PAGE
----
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in 1848 moved to Weare, but never liked his new surroundings, for at home in Madbury he was "Esquire Wingate," but in Weare he was "Old Man Wingate." Mention was made of Deacon Thomas Hussey, father of Professor T. W. H. Hussey; Mrs. Judge Knapp of Somersworth, who left a fund known as the "Hussey Fund" to the Church; of Deacon Thompson, who had three sons in the Civil War, one of whom was killed in action and buried in the debris of Fort Sumter, although there is a tablet to his memory in Oak Hill Cemetery. The speaker mentioned a very interesting episode concerning James Hayes, son of Paul Hayes, one of the founders of the church, who, owning the tip top of Green Hill, raised a huge crop of corn in the famine year of 1816, when all other crops were killed by frost. Demanding a silver dollar for each peck, Hayes made a huge fortune for those days. The son of James Hayes, somewhat of a reprobate, being reprimanded at one time by the minister, entered the church, one Sunday morning, and with great noise and profanity nailed up the door of his pew. Deacon Wiggin mentioned as deacons of the new Church, Deacon Joseph Babb, Deacon J. R. Drew, Deacon Samuel C. Ham, Deacon William C. Buzzell, brother of Captain Lewis Buzzell of Company F., Thirteenth New Hampshire Volunteers, who was killed leaiding his men against the enemy at Suffolk, Virginia; Deacon Horace G. Carter and the deacons now serving with the speaker, William B. Swaine and George B. Haley. The address ended with a eulogy to the sacrifice made by the faithful church members of the past.

This impressive dedication ceremony was concluded by the singing of "America."

Sunday evening "Old Home

Vespers" were held with a filled church auditorium in attendance. The Vespers were opened with a song service followed by the reading of Scripture and prayer by the pastor, Rev. Mr. Tyler. Miss Hilma Anderson of Everett, Massachusetts, sang a selected solo that was much appreciated. The address of the evening was given by Mr. Thomas C. Ham of New York, who took as his subject "Where there is no vision, the people perish"Prov. 29: 18. Mr. Ham, who is the son of the late Deacon Samuel C. Ham, began his address by a series of reminiscences of his boyhood days and the good influences which surrounded him. His main address was devoted, however, to the alarming decadence of the New England rural town, Barrington being one which is a good example. He did not confine himself, however, to a delineation of these tendencies, but came out with a straight-forward constructive program for every rural community which to his mind would strike at at the root of rural New England decay. His proposals were as follows; (1) reforestation of deforested areas; (2) introduction of the graded school; (3) the utilization of the water power of the town to generate electrical power which would bring industry into the life of the town; (4) renewed interest in the Church and a careful study of its place in the community; (5) the formation of a "Vision Committee," which would hold before the community as a whole a vision of a greater future. In closing his address, Mr. Ham pleaded for the conservation of the rural youth for the rural communities, and for a vision to be always held before the community; for "Old men shall dream dreams, but young men shall see visions."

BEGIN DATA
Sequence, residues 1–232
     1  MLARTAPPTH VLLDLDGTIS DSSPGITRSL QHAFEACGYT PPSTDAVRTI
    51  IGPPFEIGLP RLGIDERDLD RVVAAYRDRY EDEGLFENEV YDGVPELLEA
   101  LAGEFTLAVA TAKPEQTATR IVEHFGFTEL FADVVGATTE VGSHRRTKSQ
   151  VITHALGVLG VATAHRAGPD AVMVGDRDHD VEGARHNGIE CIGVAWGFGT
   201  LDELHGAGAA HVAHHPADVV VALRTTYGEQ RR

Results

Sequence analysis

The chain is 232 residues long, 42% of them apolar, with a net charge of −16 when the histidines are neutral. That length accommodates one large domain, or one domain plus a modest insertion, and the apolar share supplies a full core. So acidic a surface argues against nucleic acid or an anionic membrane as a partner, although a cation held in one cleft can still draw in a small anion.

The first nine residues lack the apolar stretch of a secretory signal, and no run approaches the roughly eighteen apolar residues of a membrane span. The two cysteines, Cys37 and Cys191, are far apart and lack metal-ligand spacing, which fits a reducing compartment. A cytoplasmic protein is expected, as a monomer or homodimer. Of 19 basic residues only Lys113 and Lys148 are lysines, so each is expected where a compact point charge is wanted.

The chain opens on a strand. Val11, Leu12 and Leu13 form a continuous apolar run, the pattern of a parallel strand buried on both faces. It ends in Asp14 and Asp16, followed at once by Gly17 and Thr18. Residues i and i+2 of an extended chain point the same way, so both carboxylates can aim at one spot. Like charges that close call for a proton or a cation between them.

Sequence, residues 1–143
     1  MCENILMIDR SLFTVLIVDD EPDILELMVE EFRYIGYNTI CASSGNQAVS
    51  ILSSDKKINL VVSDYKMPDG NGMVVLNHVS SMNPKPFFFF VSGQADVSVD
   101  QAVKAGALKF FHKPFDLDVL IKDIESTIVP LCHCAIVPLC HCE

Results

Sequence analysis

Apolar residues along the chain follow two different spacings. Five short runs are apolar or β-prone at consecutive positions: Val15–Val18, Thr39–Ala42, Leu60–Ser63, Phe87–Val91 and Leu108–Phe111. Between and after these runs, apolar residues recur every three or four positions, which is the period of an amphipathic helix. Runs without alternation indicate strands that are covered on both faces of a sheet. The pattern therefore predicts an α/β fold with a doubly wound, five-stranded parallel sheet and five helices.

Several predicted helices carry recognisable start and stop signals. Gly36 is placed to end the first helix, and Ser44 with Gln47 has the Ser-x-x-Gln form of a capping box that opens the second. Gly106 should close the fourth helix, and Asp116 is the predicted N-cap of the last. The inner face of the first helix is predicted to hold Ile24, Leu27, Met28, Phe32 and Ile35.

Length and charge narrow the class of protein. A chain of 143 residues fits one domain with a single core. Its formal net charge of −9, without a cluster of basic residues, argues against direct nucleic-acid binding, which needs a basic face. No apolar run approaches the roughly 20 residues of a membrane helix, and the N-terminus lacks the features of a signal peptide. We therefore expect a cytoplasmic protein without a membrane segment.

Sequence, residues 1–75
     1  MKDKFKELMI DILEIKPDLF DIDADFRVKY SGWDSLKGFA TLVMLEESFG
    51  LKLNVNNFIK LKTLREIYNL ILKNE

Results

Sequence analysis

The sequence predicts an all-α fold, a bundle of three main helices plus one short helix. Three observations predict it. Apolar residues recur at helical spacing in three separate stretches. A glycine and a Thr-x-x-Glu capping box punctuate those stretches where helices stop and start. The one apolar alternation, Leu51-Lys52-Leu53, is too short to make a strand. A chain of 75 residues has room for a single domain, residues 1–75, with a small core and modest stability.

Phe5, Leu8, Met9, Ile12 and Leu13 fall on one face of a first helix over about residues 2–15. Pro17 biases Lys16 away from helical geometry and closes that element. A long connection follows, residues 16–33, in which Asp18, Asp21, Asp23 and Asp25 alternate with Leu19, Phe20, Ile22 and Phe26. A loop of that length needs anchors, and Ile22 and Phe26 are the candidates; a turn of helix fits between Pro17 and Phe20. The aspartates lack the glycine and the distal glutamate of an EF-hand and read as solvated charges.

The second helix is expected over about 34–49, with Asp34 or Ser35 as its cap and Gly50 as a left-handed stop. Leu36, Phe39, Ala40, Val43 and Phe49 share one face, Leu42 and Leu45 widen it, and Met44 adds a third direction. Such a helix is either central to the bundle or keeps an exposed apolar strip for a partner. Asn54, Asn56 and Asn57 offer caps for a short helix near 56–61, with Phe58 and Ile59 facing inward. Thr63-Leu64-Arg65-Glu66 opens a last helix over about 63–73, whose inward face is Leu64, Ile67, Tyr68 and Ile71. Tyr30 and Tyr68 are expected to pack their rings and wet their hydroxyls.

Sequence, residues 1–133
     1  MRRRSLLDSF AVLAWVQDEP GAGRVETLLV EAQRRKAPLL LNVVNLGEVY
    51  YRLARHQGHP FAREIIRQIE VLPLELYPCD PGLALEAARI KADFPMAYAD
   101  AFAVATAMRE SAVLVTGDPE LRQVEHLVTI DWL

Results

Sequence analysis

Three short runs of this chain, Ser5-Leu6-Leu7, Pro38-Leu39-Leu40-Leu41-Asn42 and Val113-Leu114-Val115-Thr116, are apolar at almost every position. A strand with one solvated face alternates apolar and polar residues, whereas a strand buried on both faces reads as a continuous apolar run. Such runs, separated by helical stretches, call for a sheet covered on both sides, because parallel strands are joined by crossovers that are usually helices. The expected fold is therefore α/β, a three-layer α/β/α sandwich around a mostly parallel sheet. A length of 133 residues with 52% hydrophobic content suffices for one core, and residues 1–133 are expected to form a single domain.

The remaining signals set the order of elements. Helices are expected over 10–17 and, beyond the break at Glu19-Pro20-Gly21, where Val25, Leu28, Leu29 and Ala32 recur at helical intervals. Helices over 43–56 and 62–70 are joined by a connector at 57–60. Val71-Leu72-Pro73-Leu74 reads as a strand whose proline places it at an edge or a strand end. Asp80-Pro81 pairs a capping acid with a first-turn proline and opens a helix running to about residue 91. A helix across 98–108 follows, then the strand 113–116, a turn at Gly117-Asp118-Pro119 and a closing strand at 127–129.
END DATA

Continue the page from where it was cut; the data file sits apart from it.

Following Mr. Ham's very able address, a mixed quartette from the

choir sang the "Vesper Hymn." The service closed with the singing of "Abide With Me" and the benediction.

On Monday at 2 p. m., there was a Play Carnival and Sports at Depot Field, under the direction of Mr. R. W. Giviens, the County Y. M. C. A. Secretary. There was a Junior and Senior 100 Yard Dash, Obstacle Race, Sack Race, Relay Race, Three-legged Race, Tug of War, Potato Race, and Group and Mass Games. This feature was greatly enjoyed by a large group of boys and young men.

The concert of the Schubert Male Quartette of Boston, assisted by Dorothy Berry Carpenter, on Monday evening was attended by an enthusiastic audience which taxed the capacity of the Congregational Church, and was generally acclaimed the treat of the anniversary. The rendering of the "Vocal March," "Arion Waltz," "Aloha" and "Songs of Home" by the quartette were enthusiastically greeted and many encores were responded to. Dr. Ames, in his rendering of the "Roses of Picardy" and the work of the bass, Mr. McGowan, were very well received. Miss Carpenter, the reader, took the audience by storm in the recital of "Daddy Long Legs," "A Model Letter" and "A Joy Ride."

Tuesday was the great day of the anniversary, beginning with a band concert at 9:30 a. m. by the Barrington-Northwood Band, E. L. Band, E. L. Wiggin, director. At 11 a. m., without delay, the anniversary parade, one of the finest ever held in this section, started. It was headed by Chief Marshal William S. Davis and Assistant Marshal, George B. Leighton, followed by the Barrington-Northwood Band. In the rear of the Band marched the combined John P. Hale Council of Barrington and the B. W. Jenness Council of Strafford, Junior O. U.